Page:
Sony VAIO P11Z/R review

Sony's ultraportable Vaio P is not big and it's not clever

Sony Vaio P11Z/R
The Sony Vaio P11Z/R is completely hobbled by the very poor choice of Windows Vista on a netbook

TechRadar Verdict

Confirmation, not that it was needed, that Vista plus Atom equals end user misery


  • +

    Very compact


  • -

    Ridiculously overpriced

  • -

    Feeble performance

  • -

    Mediocre battery life

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At the unveiling of new Sony products like the Vaio P11Z/R, there's a standard operating procedure observed by most tech junkies .

First, gaze longing at the glossy images. Then peruse the spec. Finally, moan softly as the irresistible want washes over you. Few companies do sheer physical desirability quite like Sony.

Just occasionally, however, Sony kit only delivers partially on the initial press-release promise.

But that isn't the case with the new P Series netbook. Oh no, it doesn't deliver partially; it fails to deliver at all. Not to put too fine a point on it, this eight-inch, Atom-based netbook is junk.

Much of the explanation involves Sony's decision to trim the P out with Windows Vista. Installed on a conventional laptop or desktop PC - one powered by a grunty multi-core processor and a decent hard drive - Vista's appetite for resources can be beaten into submission.

But this P Series has only a 1.33GHz Atom processor with which to pugilise the OS. And it doesn't come close to being good enough.

Words truly cannot describe how painful it is to do anything on this netbook, such is its slovenly rate of response. Basic web browsing is a miserable experience. Pages are slow to load and all but the most low res, low bit-rate web video is jerky.

Just dragging and dropping a file from a USB storage device to the desktop is enough to give it a near-fatal coronary.

That, of course, assumes you manage to overcome the schizophrenic responses of the pointing nipple and successfully execute a drag-and-drop. Oh, and did we mention that the mere act of moving the pointing cursor causes CPU time to jump to over 50 per cent?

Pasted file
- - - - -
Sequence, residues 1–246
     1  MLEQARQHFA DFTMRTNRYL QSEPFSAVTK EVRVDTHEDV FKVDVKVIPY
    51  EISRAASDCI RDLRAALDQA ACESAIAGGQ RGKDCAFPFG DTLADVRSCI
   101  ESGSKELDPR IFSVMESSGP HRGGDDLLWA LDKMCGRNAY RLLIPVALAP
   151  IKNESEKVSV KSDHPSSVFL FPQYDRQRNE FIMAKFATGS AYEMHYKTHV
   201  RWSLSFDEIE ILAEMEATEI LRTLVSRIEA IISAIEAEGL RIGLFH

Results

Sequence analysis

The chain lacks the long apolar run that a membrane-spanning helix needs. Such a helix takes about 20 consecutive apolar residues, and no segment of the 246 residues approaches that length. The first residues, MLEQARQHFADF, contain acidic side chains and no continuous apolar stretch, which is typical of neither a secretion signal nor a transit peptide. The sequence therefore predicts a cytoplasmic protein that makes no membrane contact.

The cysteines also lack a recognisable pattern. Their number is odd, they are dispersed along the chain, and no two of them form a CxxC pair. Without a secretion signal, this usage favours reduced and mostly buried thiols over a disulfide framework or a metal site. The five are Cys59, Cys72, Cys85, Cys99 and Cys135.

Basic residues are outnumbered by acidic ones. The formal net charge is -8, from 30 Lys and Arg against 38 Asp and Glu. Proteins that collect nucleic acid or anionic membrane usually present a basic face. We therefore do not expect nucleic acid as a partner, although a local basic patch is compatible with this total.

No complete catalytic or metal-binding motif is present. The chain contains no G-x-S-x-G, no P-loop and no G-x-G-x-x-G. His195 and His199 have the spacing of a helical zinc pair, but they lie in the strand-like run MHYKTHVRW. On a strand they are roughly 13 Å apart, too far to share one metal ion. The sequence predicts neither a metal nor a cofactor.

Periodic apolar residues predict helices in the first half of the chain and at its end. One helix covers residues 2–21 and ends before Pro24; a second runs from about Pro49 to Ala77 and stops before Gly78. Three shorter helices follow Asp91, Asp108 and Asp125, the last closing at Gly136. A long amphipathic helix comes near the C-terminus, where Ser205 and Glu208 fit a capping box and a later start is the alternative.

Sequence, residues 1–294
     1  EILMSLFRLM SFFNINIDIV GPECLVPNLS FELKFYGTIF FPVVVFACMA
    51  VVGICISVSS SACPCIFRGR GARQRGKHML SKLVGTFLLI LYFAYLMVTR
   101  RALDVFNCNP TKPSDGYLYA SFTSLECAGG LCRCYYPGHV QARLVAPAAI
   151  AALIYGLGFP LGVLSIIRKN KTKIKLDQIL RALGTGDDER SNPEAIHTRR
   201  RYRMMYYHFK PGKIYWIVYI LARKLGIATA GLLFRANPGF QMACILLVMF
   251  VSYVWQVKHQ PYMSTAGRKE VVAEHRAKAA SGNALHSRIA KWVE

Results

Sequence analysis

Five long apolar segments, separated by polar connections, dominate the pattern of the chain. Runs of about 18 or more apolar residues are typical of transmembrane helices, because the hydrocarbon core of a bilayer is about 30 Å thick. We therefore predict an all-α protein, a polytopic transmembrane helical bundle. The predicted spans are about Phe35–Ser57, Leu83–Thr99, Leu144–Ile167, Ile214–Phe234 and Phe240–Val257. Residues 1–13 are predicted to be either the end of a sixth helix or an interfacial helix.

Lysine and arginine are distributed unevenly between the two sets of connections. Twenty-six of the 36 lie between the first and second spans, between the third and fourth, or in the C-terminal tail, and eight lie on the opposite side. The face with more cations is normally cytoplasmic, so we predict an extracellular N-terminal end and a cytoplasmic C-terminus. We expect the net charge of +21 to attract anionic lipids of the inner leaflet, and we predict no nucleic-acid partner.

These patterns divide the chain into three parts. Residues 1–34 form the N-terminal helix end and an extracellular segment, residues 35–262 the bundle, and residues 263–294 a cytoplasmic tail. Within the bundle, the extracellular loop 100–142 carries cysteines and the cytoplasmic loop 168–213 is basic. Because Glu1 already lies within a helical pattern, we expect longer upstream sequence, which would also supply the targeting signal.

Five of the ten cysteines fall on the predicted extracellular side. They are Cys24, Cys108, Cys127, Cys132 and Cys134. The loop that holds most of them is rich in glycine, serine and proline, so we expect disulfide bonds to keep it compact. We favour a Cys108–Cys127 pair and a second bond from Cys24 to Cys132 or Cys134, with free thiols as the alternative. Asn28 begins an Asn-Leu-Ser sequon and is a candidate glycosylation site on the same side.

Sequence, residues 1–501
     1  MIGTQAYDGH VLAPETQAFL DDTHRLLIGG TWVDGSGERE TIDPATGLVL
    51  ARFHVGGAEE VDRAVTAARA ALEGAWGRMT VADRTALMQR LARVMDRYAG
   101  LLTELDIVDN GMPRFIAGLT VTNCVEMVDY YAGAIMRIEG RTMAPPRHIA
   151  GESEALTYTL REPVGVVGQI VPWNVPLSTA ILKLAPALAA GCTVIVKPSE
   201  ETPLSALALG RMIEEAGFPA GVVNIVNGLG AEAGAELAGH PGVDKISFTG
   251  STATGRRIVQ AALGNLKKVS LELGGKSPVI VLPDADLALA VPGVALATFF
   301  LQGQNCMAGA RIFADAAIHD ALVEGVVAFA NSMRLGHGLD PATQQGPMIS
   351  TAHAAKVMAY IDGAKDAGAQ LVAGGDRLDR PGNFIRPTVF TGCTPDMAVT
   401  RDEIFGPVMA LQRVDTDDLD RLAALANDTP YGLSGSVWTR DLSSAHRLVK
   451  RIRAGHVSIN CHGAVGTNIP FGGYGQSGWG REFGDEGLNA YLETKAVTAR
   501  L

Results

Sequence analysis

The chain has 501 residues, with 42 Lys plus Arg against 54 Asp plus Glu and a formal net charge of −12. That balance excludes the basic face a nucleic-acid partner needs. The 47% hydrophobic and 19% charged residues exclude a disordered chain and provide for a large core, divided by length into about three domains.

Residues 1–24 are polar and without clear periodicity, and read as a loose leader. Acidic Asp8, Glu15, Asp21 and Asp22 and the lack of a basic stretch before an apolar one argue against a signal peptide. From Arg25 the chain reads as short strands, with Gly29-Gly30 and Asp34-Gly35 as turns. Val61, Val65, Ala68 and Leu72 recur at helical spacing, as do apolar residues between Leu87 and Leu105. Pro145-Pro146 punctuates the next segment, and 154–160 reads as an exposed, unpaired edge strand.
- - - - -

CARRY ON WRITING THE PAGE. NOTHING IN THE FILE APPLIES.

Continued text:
But the crowning turd on the dunghill of shortcomings has to be the time taken for the P Series to become fully responsive following a cold boot. The Desktop appears in a little over a minute, which is reasonable. But it takes as much as 15 minutes for Vista's disk grinding to calm down and allow the P to do meaningful work.

What's more, even the screen is not up to Sony's typically high standards. Yes, the pixel pitch is razor sharp thanks to the generous 1,600 x 768 resolution and diminutive eight-inch diagonal. But the screen needn't have been so titchy.

There's a ton of blank bezel on either side and below. It also suffers from a little backlight bleed along the top and bottom edges.

All of which means the compact chassis, slick styling, 3G networking – you name it - are for nought. At £300 the P Series would be infuriating. For £850, it's insulting.

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Technology and cars. Increasingly the twain shall meet. Which is handy, because Jeremy (Twitter) is addicted to both. Long-time tech journalist, former editor of iCar magazine and incumbent car guru for T3 magazine, Jeremy reckons in-car technology is about to go thermonuclear. No, not exploding cars. That would be silly. And dangerous. But rather an explosive period of unprecedented innovation. Enjoy the ride.